China has also been quietly investing in technological infrastructure in Kenya’s rural areas throughout the past twenty years. The Chinese Star Times set-top boxes, are proliferating in rural areas as they are cheap and affordable to most people. There are countless Star Times ads and shops in rural parts of Kenya during the drive between Diani, Mombasa, and Tsavo National Park. The idea is that the CCP wants Chinese culture to enter all homes in Kenya; the channels loaded on the boxes include CGTN and even Chinese cultural content like kung fu movies. China is also making more films set in Africa as of late.

China is also involved in Lamu, which is on the northern coast of Kenya. This is the site where the legendary Chinese voyager Zheng He landed in Africa many centuries ago. Chinese archaeological teams have been involved in digs and excavations in this area for years. The Chinese government even attempted to identify local descendants of Zheng from Lamu, taught them Chinese, gave them Chinese names, and took them to China as part of what can be called one giant propaganda tour and exercise.

The CCP even carried out genetic testing of those descendants, the results of which were never made public. This is all part of a wider trend wherein the CCP is actively engaged in archaeological projects around the world in order to boost their narrative of China being at the center of the so-called new Silk Road and highlighting historical links between Beijing and potential investment partners.

China’s disinterest in democracy has also led to CCP principles influencing African methods of governance. The idea China is promoting in Kenya and the continent at large is that democracy does not equal to success. The CCP says it promotes stability, rather than necessarily outright speaking out against democracy itself; instead, China favors growth and prosperity for all, as Beijing likes to put it. China’s narrative is also that leadership is not a popularity contest and that inefficient systems end up producing clowns like Donald Trump. These ideas are actively being propagated in institutions like the CCP-sponsored party school in Tanzania.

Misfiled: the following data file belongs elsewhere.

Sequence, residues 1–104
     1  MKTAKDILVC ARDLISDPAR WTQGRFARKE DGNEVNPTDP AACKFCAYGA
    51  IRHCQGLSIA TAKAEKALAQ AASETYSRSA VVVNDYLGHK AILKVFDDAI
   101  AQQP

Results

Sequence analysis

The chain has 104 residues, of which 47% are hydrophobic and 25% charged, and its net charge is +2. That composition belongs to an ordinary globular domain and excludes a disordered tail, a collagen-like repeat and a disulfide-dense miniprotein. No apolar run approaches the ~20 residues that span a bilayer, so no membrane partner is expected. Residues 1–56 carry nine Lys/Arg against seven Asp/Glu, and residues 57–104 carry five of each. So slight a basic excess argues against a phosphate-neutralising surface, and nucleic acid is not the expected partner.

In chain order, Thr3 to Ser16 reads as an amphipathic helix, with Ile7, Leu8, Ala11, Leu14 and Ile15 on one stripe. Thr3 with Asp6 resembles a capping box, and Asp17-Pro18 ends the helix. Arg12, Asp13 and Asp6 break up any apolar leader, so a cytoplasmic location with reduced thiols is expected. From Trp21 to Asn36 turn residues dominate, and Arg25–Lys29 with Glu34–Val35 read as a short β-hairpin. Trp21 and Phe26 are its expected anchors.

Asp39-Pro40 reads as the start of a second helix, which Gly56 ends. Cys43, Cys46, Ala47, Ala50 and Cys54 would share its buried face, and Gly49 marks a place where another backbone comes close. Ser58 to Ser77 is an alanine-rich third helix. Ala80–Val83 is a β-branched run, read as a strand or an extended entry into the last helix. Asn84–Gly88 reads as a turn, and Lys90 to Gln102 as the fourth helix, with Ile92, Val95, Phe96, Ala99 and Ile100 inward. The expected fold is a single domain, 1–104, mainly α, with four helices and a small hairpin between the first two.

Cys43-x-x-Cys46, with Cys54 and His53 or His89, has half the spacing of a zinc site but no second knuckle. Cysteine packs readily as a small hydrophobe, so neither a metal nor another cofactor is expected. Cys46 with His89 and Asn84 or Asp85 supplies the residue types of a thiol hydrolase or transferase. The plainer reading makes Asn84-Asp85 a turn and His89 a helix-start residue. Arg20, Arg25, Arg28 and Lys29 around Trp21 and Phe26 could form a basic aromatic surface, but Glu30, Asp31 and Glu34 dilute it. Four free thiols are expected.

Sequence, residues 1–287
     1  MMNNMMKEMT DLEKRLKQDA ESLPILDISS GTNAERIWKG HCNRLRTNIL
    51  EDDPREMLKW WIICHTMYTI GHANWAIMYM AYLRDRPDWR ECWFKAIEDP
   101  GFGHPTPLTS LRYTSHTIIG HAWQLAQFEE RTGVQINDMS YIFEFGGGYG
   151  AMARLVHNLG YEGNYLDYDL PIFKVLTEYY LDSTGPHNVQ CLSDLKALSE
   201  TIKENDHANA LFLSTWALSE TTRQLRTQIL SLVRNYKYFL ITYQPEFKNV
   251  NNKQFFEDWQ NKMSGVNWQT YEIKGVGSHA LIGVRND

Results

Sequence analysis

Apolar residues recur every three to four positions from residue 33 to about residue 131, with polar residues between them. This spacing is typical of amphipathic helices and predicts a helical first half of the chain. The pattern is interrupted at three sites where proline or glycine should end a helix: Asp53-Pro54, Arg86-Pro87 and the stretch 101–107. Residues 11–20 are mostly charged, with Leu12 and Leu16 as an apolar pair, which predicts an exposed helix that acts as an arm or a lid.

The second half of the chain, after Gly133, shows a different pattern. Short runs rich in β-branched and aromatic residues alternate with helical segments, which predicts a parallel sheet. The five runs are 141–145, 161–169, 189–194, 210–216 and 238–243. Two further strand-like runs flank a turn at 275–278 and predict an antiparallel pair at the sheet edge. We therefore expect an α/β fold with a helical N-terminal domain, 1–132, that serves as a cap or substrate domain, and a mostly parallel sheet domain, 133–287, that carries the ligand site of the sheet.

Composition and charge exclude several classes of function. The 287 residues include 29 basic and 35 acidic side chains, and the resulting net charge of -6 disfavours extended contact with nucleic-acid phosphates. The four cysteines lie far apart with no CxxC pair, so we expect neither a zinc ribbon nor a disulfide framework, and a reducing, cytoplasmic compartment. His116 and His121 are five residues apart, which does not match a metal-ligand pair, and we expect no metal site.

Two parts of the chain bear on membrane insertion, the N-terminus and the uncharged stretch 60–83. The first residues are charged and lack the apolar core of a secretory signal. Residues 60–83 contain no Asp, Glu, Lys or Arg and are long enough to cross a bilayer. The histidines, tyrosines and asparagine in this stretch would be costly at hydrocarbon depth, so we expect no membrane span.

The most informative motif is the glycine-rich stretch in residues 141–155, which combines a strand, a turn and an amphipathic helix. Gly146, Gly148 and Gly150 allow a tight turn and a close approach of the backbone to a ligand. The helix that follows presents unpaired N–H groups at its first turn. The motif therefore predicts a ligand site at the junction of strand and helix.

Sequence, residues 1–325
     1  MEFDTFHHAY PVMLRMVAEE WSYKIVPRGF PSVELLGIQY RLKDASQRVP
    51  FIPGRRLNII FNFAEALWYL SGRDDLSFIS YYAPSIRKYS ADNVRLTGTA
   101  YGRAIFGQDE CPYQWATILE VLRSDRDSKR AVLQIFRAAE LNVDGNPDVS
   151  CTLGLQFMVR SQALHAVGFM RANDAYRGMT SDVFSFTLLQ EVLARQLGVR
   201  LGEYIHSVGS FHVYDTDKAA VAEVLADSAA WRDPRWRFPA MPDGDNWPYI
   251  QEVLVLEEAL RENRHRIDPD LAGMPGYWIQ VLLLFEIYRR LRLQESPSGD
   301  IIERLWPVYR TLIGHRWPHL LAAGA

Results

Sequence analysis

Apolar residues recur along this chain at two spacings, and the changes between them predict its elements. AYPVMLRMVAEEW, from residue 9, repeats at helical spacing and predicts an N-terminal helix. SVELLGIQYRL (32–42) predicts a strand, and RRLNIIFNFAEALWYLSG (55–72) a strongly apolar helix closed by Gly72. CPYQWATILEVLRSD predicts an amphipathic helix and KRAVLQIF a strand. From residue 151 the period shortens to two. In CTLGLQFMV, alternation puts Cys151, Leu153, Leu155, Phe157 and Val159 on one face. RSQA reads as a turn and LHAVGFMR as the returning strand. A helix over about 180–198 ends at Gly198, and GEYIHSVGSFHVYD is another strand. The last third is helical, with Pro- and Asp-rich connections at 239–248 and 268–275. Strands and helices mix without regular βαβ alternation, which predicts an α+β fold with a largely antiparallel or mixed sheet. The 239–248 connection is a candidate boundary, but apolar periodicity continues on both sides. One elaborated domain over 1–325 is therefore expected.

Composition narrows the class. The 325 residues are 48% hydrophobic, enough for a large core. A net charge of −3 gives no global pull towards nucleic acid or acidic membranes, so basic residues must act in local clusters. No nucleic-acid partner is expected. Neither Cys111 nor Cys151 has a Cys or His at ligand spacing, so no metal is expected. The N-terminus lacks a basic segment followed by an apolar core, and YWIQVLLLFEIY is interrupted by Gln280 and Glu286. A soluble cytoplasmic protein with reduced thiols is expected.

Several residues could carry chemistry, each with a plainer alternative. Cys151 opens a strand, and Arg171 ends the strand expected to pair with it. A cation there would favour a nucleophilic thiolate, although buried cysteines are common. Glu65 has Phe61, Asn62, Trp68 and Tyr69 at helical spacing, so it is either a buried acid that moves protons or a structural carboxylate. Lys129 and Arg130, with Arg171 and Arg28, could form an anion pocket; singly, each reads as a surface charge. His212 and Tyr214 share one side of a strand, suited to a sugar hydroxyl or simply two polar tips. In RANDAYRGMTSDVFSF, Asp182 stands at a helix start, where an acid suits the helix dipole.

The target audience of the school is the ruling political elites of Tanzania, and the school’s existence is tied to the history of Tanzania’s liberation movement and China’s role within that. The concern is that these schools are promoting one-party rule in the style of the CCP itself, and pushing a narrative that economic development requires one strong party and that democracy can come later, if at all. China’s dismissal of democracy is a powerful statement when it comes against the background of an increasing trend of coups across West Africa. The fact that coup leaders are preferred to pseudo-democratic leaders is alarming and a significant statement on the outcome of democratic processes, and seems to provide evidence to China’s claim.

Africans are asking themselves whether democratic institutions are actually delivering democratic outcomes, and whether their leaders are actually representing the interests of their citizens. Kenyan government should be concerned that that a high level of Chinese influence could erode transparency in Kenya and neighboring African countries and thus pave the way for longer term authoritarianism down the road.